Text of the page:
A few years ago I picked up a little booklet in Hull Museum called A Victorian Boyhood in the Wolds. It seemed a suitable purchase because I was at the museum to examine some of the Anglo-Saxon artefacts the author, one John Robert Mortimer, had excavated from the barrows of Driffield in the 19th century. Holding these doubly ancient objects had compelled me to find out more about this man, who seems to loom out of his portrait (below) with about as much eery inscrutability as the barrows he opened.
A Victorian Boyhood in the Wolds is a wonderfully rambling account of Mortimer’s upbringing in rural East Yorkshire. His boyhood contained such episodes as pitched battles between villagers over scarce water in times of draught, as well as scavenging for dung to be used as fuel. Slightly worryingly, little John Mortimer seems to have spent an inordinate amount of his childhood terrorising the local wildlife. He recollects with some relish an episode in which he literally caught a rabbit with his teeth. When he wasn’t capturing songbirds with a stick coated in birdlime, he was blasting them out of trees with an antique six-foot flint and steel rifle. The animal inhabitants of the Wolds must have breathed a collective sigh of relief when in 1851 Mortimer was inspired by a visit to the Great Exhibition to take up archaeology as a somewhat less maniacal hobby.
Mortimer spent the rest of life excavating the tumuli of the Wolds. He published this work in 1904 in a massive volume called Forty Years’ Researches in British and Saxon Burial Mounds of East Yorkshire. Thanks to the immaculate records Mortimer kept of his excavations, this book was way ahead of its time. Surprisingly however, Mortimer’s idiosyncratic and erratic autobiography was originally intended to be included in this volume of pioneering scientific archaeology. That these two things should ever have been put together in such a dramatic juxtaposition seems unconceivable to the modern archaeologist.
The editorial action that removed this bizarre autobiographical preamble fascinates me because it seems to capture an awkward moment between antiquarianism and modern archaeology. In one sweep of the red pen Mortimer edited out the final remnants of his own antiquarianism, which had maybe been as much about the triumphs of the collector as it had been about deductive study.
It seems fitting that Mortimer should have been the one to make this final cut, given his characterisation as a northern outsider looking in on the privileged group of formally educated and wealthy gentleman scholars (see here). His initial proposal of including extracts from his childhood may have been Mortimer’s way of staking his claim to the heritage he excavated. It showed just how tightly he was bound to the soil of the Wolds. However, in the end, he excised these last remnants of the old school. Mortimer spent his childhood picking up dung, as well as flints, from the fields of the Wolds, and I’d like to believe that perhaps he had little truck with the antiquarian cult of personality.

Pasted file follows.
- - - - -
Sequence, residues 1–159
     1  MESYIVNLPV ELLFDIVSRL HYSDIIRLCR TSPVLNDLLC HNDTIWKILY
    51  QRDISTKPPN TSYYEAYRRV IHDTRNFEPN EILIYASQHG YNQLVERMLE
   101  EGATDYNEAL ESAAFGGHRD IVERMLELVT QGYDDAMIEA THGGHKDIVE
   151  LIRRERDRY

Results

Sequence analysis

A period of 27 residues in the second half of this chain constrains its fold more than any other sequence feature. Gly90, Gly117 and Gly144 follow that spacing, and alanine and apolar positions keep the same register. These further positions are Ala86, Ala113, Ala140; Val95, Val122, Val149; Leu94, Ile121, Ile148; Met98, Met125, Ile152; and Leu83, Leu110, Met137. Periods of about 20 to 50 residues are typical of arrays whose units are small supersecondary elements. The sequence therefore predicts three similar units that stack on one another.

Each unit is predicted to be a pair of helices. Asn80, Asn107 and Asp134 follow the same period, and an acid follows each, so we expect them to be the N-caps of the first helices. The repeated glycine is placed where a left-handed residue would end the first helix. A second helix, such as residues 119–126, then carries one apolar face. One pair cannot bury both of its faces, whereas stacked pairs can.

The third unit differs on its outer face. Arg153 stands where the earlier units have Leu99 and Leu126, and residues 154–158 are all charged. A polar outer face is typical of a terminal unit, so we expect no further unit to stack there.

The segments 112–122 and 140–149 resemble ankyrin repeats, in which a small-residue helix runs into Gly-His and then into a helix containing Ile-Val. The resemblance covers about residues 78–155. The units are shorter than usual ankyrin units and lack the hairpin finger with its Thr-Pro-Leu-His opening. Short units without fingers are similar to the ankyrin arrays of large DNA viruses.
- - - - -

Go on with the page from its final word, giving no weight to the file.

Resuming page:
Recently, I’ve been reading W. G. Sebald’s The Rings of Saturn, a novel that traces the meandering recollections of the narrator through history and autobiography, mixing fact and fiction, and set against the backdrop of the flats of East Anglia. If that sounds confusing, then I’ve described it aptly. It stands quite apart from any genre I’ve read before and I’d recommend it very highly to anyone who wishes their own internal monologue could be as profound as the narrator of The Rings of Saturn.
The book begins with a discussion of Thomas Browne, a 17th-century polymath whose writings included subjects as diverse as medical anatomy, linguistics, archaeology, and much more besides. Specifically, Sebald dwells on Hydriotaphia, Browne’s 1658 account of the excavation of Roman urn burials near Walsingham in Norfolk. We now know that Browne was, in fact, mistaken: the urns were Anglo-Saxon (the Heritage Environment Record is here). Hydriotaphia is, therefore, the very first account of an early Anglo-Saxon cremation cemetery excavation. The description of the excavated material leads into a meditation on mortality, expressing an acute disappointment in the fleeting physicality of the body. Ironically, Thomas Browne himself was to become an artefact, when his bones were accidentally disinterred in 1840 and later became part of the Norfolk and Norwich Hospital Museum’s anatomy collection until 1921, when they were once again returned to the soil.
The part of Sebald’s account that really interested me was his description of Browne’s musing that “all knowledge is enveloped in darkness. What we perceive are no more than isolated lights in the abyss of ignorance, in the shadow-filled edifice of the world”. I thought this was a rather fitting quotation from a man who might be considered among the first archaeologists, who was called by the same desire as we all are to spend our energies uncovering and scrutinising those pinpoints of light, reconstructing what we can about the darkness that surrounds them. It’s a particularly fitting metaphor for the study of early medieval jewellery. My attraction to these items has always stemmed from the way they stand out as relatively untouched by the ravages of time, unlike the bones of those people that wore them, and most of the other objects with which they were buried. Despite the patina that transforms gleaming, warm bronze to an attractive, emerald green, I often see these brooches, pins, clasps and other accountrements as virtually pristine items to which we can still directly relate, and from which we can shed a little light on darker ages.